Sunday, June 16, 2013

Beana_7

Dear Spiral Notebook

I wanted to write down about outhouses and such but that seems kind of vulgar, but I figure that writing about it can't be much worse than the living through it.

From the time I was 10 years old until I was fourteen, it was my job to empty the slop jars every morning.  Even now, I have no idea how that chore got assigned to me.  By this time we was back in Houston again, back to that little old house.  My oldest brother Bobby, had stayed back in East Texas with my grandparents and my oldest sister Sissy, had runned off with an older man named Boots.  Didn't none of us ever see her again because he took her back to his family place way up north somewhere and she died a couple of years later in her own bed trying to birth twins that were laying wrong in her belly.  She and both babies died.  There weren't no money to go up there for a funeral or anything.  Funny, but I don't recall any of us ever really talking about that.  Mama just kept on with her gardening and hoeing and cooking and cleaning.  Surely she must have cried somewhere in private, but I don't recall anyplace private in that little house.  Oh yeah, I was going to write about the outhouse and slop jars.

Outhouses, if you had one built right weren't a scary place.  The men folk, cause they took longer in there, would sometimes carve pictures and words on the inside and it gave you something to look at.  The smell was just something you sort of got used to.  I never much minded it.  The downside was the size, color and sound of the flies.  They was big and green.  Nowadays they call those horse flies, but we just called em' shit flies.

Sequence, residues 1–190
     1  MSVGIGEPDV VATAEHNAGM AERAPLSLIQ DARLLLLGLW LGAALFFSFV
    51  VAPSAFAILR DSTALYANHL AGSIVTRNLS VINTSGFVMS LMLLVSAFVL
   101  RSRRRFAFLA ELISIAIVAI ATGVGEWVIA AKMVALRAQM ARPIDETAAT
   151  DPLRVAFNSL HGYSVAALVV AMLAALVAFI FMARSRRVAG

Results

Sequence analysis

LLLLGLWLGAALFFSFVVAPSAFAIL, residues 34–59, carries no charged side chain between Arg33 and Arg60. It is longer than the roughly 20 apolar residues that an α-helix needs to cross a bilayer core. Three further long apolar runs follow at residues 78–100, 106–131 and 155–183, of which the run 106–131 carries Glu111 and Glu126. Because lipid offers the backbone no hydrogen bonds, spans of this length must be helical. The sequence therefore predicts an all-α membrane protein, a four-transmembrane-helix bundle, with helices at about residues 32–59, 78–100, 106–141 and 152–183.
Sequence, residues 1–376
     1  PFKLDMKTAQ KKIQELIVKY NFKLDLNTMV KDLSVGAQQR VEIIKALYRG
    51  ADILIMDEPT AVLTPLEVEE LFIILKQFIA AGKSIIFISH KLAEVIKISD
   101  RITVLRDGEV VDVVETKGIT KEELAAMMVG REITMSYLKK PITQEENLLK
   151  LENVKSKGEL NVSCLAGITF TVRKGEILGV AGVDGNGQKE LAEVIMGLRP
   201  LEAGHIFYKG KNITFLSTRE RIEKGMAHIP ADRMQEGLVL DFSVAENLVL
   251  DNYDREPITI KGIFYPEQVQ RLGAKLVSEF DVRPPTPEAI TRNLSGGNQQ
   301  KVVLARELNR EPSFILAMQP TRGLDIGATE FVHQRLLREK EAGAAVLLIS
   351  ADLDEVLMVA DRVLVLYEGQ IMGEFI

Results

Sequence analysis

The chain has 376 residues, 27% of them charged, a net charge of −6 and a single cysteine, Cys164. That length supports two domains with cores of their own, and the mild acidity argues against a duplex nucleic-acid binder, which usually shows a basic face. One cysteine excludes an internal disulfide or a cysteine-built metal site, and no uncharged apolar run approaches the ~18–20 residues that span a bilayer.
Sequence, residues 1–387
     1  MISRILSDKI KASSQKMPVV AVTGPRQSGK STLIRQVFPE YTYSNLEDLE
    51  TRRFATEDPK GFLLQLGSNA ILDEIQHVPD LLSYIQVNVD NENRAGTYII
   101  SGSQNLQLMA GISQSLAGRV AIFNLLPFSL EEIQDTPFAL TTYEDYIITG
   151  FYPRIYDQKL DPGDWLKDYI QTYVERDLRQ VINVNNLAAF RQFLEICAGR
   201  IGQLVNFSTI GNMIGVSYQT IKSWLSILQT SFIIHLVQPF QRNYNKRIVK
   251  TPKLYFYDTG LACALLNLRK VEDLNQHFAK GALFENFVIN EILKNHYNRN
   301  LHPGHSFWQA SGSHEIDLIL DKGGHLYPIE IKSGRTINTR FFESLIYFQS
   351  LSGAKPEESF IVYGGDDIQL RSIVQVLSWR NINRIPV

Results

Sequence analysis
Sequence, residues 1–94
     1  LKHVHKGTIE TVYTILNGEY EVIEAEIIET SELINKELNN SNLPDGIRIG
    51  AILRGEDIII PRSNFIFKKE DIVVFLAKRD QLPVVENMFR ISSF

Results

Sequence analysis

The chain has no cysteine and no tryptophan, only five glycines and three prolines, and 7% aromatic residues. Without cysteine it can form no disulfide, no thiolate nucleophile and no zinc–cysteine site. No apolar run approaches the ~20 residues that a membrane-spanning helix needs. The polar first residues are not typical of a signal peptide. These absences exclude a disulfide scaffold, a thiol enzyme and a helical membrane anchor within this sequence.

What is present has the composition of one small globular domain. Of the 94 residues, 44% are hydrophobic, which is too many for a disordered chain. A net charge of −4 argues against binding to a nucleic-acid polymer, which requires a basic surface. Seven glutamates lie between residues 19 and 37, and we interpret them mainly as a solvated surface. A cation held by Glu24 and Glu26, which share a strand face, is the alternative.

I don't know a child one, even my own children and grand children who would empty out a slop jar without calling the police or children services on their parents.  It was an awful awful job for a little girl who's daddy drank and deposited the worst of a nights drinking in a slop jar.  No body would help me do it and that is the memory that sticks out in my head, not receiving compassion or help for that job.  That's the reason for this notebook writing today, a memory that taught me a little something about compassion for the burdens of others.


8 comments:

Annette said...

Awwwww Pammie. You little sweet thing, I wish I could brush your hair as a little girl and put in braids and ribbons, and I would have emptied those jars for you.

Mary Christine said...

Poor Beana.

I often think how different the world would be if we had no flushing toilets.

Hattie Heaton said...

I love the last paragraph. It's true that in the dung of life, we learn the most.

Syd said...

Little Beana had it rough, but really it toughened her for the real stuff about life. I understand that. Not too many are born with a silver spoon and most of us have had to do things that we simply didn't want to do. I guess that it did build some kind of character in me, and helped me to not shy from the tough stuff today.

Iamshawnie said...

Hello, My name is LaShawn. Your story caught my attention because it is very similar to mine. You are strong and your past has a lot to do with that. You are a good writer. Keep up the good job! I just started a new blog you should go check it out. Its iamshawnie.blogspot.com

Patty said...

Hi Pammie, Thinking of you this week and wanted to stop by and say hello :)

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